what also is an option for some is that there are government insured lenders like an FHA mortgage for example that does not take credit into their decision making, so people have options. The major concern is the equity and/or value of the home if they were approaching f/c and wanted to refi. Its a rough situation.

    I agree 100% that the government should not be bailing people out who made horrible decisions, however, throughout the last century we have seen the issues that happens to banks when f/c's hit high numbers. The bank lose money hand over fist, which creates a downward spiral for banks.

    I also agree that for some circumstances, help is necessary, based on exigent circumstances.
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    I'm 100% against the government bailing these banks/people out when it comes to my ideological beliefs but I"m also not so stubborn to know when reality trumps ideology. Its the reason I didn't mind the Bear Stearns bailout and probably why I won't mind that much over this one. Sometimes the damage caused is not proportional and this would definitely be one of those cases.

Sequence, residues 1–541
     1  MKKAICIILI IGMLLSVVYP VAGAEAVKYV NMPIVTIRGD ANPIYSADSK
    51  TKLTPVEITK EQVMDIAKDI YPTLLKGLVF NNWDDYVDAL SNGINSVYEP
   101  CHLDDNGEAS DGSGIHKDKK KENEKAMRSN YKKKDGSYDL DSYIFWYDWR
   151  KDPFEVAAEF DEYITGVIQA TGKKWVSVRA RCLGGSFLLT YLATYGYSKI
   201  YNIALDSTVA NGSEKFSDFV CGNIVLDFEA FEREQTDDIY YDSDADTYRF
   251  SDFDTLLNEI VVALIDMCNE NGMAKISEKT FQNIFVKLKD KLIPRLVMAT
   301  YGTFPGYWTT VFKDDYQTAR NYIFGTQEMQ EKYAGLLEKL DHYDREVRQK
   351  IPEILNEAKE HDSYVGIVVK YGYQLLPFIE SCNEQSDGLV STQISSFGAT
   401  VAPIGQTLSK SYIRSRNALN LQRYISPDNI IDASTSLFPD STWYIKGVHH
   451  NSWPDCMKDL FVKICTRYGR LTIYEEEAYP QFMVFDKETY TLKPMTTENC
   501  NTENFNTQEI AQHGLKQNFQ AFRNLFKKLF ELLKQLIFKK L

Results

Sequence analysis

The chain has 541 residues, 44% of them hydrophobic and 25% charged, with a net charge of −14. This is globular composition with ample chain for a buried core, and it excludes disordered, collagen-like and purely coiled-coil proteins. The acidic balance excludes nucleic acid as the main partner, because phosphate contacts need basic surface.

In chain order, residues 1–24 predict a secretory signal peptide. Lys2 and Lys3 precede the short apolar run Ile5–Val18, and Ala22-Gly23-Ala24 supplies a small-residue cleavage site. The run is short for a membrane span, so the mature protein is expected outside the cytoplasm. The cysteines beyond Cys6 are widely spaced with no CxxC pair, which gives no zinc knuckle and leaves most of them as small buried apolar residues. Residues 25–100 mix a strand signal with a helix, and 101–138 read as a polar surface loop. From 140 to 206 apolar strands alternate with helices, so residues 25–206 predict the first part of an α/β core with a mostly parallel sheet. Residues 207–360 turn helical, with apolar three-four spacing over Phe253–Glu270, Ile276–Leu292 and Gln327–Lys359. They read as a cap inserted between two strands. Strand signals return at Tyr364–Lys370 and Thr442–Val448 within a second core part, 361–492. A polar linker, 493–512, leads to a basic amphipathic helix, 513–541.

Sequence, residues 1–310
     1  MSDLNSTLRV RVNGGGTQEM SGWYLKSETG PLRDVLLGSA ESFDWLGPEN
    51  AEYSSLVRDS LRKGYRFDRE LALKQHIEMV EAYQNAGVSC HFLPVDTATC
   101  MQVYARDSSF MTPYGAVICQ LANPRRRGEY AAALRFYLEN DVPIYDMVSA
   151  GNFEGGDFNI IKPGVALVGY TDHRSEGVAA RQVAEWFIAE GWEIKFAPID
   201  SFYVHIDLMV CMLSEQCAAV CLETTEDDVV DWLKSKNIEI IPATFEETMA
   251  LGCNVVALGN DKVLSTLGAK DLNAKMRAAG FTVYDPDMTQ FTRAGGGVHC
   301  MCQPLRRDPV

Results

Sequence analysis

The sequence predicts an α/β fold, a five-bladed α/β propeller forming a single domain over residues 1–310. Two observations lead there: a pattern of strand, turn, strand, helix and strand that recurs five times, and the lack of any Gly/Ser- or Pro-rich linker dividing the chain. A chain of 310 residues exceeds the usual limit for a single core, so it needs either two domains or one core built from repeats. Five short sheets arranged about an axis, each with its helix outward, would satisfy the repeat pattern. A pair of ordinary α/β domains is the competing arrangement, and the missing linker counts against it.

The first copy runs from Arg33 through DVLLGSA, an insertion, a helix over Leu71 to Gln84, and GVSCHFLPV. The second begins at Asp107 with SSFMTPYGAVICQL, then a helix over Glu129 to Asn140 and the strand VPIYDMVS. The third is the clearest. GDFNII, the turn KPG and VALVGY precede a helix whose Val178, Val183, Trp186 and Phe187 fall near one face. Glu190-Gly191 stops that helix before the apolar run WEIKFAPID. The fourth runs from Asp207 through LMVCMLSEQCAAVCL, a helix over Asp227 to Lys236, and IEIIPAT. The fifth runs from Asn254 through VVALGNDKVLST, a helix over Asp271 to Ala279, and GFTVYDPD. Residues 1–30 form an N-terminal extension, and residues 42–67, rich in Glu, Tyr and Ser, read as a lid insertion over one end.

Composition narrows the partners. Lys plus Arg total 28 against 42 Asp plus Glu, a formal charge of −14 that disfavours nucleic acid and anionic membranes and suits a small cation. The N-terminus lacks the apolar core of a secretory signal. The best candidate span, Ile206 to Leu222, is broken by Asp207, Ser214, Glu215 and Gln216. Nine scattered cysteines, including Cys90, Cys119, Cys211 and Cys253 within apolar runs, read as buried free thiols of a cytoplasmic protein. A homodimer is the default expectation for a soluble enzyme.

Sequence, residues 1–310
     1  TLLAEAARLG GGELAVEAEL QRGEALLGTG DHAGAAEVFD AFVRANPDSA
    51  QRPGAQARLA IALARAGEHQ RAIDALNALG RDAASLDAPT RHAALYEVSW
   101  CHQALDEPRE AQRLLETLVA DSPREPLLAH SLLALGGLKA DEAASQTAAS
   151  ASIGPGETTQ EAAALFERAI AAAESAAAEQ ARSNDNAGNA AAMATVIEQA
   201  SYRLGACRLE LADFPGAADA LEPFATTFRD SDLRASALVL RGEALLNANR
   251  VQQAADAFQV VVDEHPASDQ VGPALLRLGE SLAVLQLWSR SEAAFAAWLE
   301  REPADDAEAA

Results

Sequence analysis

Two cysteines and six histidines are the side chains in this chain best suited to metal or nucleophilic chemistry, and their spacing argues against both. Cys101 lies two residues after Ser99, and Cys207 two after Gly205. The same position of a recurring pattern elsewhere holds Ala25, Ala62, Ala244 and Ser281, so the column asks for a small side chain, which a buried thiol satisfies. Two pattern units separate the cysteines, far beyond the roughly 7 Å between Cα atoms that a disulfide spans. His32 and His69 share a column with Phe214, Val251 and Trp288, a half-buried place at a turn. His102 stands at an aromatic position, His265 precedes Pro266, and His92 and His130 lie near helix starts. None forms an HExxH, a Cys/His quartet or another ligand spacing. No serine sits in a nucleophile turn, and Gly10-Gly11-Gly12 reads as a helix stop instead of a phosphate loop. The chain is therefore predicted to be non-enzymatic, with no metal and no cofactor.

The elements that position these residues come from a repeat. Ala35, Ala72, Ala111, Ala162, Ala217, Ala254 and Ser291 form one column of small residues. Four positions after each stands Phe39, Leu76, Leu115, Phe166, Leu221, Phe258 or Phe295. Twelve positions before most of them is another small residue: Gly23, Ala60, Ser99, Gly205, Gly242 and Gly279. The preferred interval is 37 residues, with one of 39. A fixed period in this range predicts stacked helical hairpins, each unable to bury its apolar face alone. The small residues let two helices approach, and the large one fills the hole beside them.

If the government didn't interfere in the first place, this would never have happened.

    They caused this problem back in the 90's...not "predatory lenders". We have "predatory lenders" and "speculators" causing the problems....if you believe that one I have a bridge for sale.
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    It seems like if they caused the problem, then they have to fix it, no?

    In any case, I wish this whole problem would get resolved. I have a mediocre mortgage. I'm not going to go under anytime soon, but If I was a risk taker, I could probably get screwed.


    The thing is, the only deal I was offered was an ARM. Someone my age will not get approved for a 30 year fixed with an affordable monthly payment. The only people that can realistically afford that are either making 75k+ or will average like 35 years old and older. Exactly what age are you supposed to be able to afford a house? Weren't people buying houses back in the 50's at age 20?
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    Quote Originally Posted by CryingEmo View Post